No, really. Nick Cafardo, in his weekly mail bag, said “The Red Sox are definitely in a state of need at the moment.” And that is not to say that anyone thinks that this team is perfect – the 1998 Yankees they are not – but you would have given your next paycheck for an assurance that the Red Sox had the best record in the American League at the break this season (especially after the debacle that was 2012).

But the media, especially in Boston, needs drama. They need controversy. They need us asking about trading Lester and trading our deep farm system in inane trade concepts that would make Bill Simmons proud. This is how they keep their jobs and push their agenda.

This team has begun contending at least one year earlier than anticipated. Exciting help is on the way from the minors – perhaps at the end of this season, perhaps mid-2014 – and the future looks even better than the present. Why declare the Red Sox in a state of need? The truth is that the Red Sox may be the best positioned franchise in baseball when you assess Major League roster, Minor League talent, financial muscle, fan base size, and front office vision.

There are obvious problems: long relief, Third Base, the inevitable Jose Iglesias regression, the roller coaster that is Andrew Bailey, and concern as to whether or not David Ortiz will ever age. There are issues here, but saying the team is in a state of need is a stretch. It is in a stage of want. 2012 was a state of need. Does the Boston media (looking at you, too, CHB) remember last year? Can we enjoy a resurgence one year later?

Well, what else can Nick Cafardo scrape off the bottom of the barrel?

Should the Red Sox part ways with Jon Lester while he still has some value?
Mark, Cambridge

Only if it’s part of a package where you’re getting a comparable pitcher back. Not sure that type of deal exists. There would be no shortage of teams lined up for him. Lester is very popular among scouts of other teams.

So by comparable package, do you mean another pitcher who is closing in on 30 years old, has a decreasing ERA+ and K/9, and increasing WHIP? Maybe the point of the question is that if his popularity with scouts – especially when there are significant
sample sizes screaming a different reality – means that this is the peak of his value…a a value more perceived than real.

I am not saying that Lester should be traded, but he has never been an ace and is slipping rapidly from #2 starter into #3/#4 starter territory. If we can still get return on a perception of Lester as #2 starter, that would be a deal that would have to be considered.

The Sox have a glaring hole at third and need a middle of the order hitter to protect Ortiz and stop the intentional walks. The Mets are tanking again and I think David Wright would be a perfect fit for this team. He hates hitting at  Citi Field and he is still young enough to justify trading two great prospects for him. Any chance the Sox are interested and can pry him away from the Mets?
Steve, Branford, Conn.
David Wright is the face of their team so I wouldn’t hold my breath. The Red Sox have good options at third base in the future. While they may seek a stop-gap like Michael Young, they have Will Middlebrooks, Xander Bogaerts, and Garin Cecchini who can play third and all have promise as hitters. Don’t think Citi Field is an issue with him anymore. He signed a big contract to play there, so it can’t be that bad.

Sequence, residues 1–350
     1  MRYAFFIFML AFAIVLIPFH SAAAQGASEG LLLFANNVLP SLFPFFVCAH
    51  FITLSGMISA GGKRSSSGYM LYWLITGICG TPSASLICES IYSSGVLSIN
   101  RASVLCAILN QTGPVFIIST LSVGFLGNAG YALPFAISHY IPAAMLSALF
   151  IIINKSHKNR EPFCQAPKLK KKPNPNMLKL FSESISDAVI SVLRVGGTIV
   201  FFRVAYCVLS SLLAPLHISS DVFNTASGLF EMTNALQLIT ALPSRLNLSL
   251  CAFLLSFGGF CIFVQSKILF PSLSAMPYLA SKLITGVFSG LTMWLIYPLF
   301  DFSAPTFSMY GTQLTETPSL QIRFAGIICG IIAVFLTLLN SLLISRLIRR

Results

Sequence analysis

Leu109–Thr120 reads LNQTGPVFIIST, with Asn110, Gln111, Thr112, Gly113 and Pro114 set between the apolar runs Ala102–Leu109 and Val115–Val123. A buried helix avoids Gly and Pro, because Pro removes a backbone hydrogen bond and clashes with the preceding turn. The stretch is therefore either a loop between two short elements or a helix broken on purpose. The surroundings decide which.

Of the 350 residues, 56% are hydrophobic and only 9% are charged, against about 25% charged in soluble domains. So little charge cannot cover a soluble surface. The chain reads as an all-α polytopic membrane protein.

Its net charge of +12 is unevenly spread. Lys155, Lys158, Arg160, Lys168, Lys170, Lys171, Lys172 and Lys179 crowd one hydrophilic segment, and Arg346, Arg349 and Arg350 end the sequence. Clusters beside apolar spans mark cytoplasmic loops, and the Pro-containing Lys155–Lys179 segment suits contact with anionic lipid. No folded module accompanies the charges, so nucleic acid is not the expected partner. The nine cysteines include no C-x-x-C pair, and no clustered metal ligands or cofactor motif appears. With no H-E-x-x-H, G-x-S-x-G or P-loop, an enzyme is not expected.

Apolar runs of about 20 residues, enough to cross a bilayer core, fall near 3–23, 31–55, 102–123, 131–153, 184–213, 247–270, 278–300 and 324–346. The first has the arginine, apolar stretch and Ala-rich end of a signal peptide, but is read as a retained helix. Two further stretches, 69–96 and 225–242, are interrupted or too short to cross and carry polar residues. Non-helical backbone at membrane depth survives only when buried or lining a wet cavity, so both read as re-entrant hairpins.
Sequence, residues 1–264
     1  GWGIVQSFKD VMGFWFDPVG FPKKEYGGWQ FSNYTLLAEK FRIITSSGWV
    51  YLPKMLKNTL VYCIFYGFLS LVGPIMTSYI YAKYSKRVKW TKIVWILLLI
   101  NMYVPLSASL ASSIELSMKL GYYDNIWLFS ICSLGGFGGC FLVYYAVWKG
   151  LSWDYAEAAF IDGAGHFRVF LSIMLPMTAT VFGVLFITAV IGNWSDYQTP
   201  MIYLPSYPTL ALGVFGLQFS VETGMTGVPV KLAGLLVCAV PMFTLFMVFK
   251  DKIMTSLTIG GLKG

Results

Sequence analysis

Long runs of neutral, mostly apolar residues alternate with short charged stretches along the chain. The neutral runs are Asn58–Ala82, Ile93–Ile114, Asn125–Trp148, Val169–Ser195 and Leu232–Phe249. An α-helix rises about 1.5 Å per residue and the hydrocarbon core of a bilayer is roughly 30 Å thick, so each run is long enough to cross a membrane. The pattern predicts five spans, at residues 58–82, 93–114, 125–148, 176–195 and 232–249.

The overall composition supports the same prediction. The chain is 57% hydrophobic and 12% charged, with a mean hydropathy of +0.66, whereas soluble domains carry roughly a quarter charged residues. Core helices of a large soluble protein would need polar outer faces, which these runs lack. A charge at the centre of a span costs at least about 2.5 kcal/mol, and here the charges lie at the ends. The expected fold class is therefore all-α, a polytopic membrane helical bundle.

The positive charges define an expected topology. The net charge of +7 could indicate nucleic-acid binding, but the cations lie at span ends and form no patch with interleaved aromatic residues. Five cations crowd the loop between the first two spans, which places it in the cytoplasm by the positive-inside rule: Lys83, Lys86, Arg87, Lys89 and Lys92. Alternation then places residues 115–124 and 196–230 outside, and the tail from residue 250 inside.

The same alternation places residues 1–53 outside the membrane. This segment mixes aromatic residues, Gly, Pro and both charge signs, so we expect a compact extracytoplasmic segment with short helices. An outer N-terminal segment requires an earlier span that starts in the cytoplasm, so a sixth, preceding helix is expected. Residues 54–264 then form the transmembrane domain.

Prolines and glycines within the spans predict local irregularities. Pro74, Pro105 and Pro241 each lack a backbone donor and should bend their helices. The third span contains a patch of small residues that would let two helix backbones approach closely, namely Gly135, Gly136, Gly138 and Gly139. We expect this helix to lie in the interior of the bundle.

#cuegratuitoustradeforMichaelYoungreference LOL OMG XOXOXOX (Credit Flickr, Keith Allison)

Michael Young is 36 years old. He is brutal defensively. He is a singles hitter, more or less, that posts poor OBP. What is the media – and let’s be honest, not just Boston media fascination – with Michael Young? For me, I see a guy that we are told is the consummate teammate, but all I remember is him asking for trades when management has asked him to move positions for the sake of the team. I have a hard time rectifying those facts.

Were the Red Sox in the hunt to sign Yasiel Puig when he was available?
Chris, South Boston
Yes. They didn’t want to get into the $40 million range with him so they dropped out.

I don’t want to go all Nancy Negative, but as exciting as he has been, I anticipate that we will be glad we did not pay that much for him. Unless he figures out how to take a walk or hit a cut off man.

What will it take before the Sox realize that Mike Napoli is more liability than asset? I went to the final game in Anaheim and saw up close and personal the body language and how the other infielders react to Napoli as he throws them grounders between innings. He is practically lifeless and was actually ignored. I think he’s basically collecting a paycheck and going through the motions. People talk about Papi getting lots of free passes because he’s so dangerous. He’s getting free passes because the opposition sees Napoli for what he is: A strikeout waiting to happen. Do the Red Sox/Farrell not see this?
Dana, Los Angeles
I hope you’re not basing your opinion of Napoli after seeing him one game in person. Teammates really like him. He’s having a tough stretch right now and they need him to pick it up and perform as he did early in the season. He’s certainly not just going through the motions as you say. The opposition may see him as a strikeout waiting to happen, but they should also see him as a player who has 56 RBI. He’s been up and down. The strikeouts drive everyone crazy, including himself, but don’t ignore his potential to drive in runs. In that area, the statistics show he’s done the job.